Many people who overdose on Vyvanse survive, but immediate medical attention is essential. Mixing Vyvanse with other drugs decreases someone’s chances of survival.
Following overdose, someone may also benefit from addiction treatment. These treatments treat co-occurring conditions such as depression or anxiety and reduce withdrawal symptoms.
Withdrawal symptoms include:
- Intense cravings
It’s also common for people who have recently overdosed on Vyvanse to experience problems with sleeping and appetite. Stopping use can increase appetite and cause severe fatigue. Ideally, a treatment program will address all of these concerns.
When to Seek Treatment for Vyvanse Addiction
Once the critical phase of an overdose passes, someone who experienced Vyvanse overdose symptoms should seek addiction treatment.
This is true for anyone dealing with substance addiction, whether it is to an illicit or a prescription drug.
Many people do not realize that ADHD medication puts a person at risk of addiction. However, abuse and addiction are quite common, even if someone has a prescription for a drug.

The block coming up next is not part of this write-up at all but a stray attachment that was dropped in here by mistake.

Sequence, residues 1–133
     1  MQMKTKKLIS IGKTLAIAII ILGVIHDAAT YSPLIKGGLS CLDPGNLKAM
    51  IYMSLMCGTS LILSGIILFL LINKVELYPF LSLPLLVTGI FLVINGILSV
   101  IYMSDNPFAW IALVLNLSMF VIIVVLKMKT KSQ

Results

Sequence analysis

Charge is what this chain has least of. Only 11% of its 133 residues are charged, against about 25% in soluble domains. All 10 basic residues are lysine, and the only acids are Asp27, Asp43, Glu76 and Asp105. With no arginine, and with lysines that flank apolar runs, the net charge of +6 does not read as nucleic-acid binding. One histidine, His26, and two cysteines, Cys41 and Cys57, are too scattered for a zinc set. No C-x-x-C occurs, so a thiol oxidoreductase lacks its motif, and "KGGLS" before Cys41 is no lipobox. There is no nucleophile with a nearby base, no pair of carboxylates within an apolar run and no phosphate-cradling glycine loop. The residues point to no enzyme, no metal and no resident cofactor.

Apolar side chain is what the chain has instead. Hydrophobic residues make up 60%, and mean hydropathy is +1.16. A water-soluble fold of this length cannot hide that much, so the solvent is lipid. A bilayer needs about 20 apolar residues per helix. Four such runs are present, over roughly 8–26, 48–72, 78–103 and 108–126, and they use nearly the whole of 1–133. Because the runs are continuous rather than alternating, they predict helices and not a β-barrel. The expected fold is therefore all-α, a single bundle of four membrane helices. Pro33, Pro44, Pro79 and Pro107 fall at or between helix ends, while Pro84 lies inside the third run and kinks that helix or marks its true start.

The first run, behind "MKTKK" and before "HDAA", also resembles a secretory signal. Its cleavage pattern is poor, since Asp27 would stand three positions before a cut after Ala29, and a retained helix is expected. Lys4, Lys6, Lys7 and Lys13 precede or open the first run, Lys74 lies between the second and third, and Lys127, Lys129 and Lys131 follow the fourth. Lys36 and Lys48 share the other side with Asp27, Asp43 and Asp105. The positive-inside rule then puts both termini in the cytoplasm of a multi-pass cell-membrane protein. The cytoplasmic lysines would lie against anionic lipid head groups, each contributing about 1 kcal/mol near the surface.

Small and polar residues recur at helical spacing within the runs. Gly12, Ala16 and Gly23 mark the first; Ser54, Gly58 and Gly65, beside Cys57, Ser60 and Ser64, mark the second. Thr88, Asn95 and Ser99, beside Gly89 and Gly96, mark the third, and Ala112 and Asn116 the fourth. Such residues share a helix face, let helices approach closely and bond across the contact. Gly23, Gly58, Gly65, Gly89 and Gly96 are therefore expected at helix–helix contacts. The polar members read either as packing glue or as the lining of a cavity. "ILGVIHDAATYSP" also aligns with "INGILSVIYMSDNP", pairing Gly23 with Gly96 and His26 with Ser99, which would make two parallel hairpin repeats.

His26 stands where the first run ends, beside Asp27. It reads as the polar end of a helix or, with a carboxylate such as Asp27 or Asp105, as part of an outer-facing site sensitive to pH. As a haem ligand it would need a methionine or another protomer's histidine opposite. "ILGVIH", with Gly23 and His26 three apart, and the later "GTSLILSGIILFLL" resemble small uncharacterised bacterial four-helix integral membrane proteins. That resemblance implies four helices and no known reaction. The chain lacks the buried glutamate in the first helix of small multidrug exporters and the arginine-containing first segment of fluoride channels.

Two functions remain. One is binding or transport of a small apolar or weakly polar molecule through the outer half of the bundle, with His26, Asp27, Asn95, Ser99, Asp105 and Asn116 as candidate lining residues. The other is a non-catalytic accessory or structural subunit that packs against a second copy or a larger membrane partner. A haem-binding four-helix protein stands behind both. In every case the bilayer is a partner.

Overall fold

This is especially true when they use more than the prescribed dose. Too much Vyvanse increases the risk of substance addiction, especially when the drug is mixed with other prescription drugs.
Treatment options for Vyvanse addiction include:
- Cognitive behavioral therapy (CBT)
- Treatment for co-occurring mental illness
- Treatment for co-occurring addictions, including alcohol or illicit drugs
- Group counseling
- 12-step programs
Keep in mind: treating a co-occurring mental illness is important when dealing with Vyvanse abuse. In addition to treating the addiction, doctors must also treat binge eating disorder or help someone find ways to manage their ADHD symptoms without Vyvanse.
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- PubChem. “Lisdexamfetamine.” Pubchem.ncbi.nlm.nih.gov.
- Mayo Clinic. “Prescription Drug Abuse - Symptoms and Causes.” Mayo Clinic, 2018.
- “Highlights of Prescribing Information.” FDA.
- “Prescription Stimulants.” Drugabuse.gov, 6 June 2018.
- “NIMH» Eating Disorders.” www.nimh.nih.gov.
- Centers for Disease Control and Prevention. “Data and Statistics about ADHD.” Centers for Disease Control and Prevention, 21 Sept. 2018.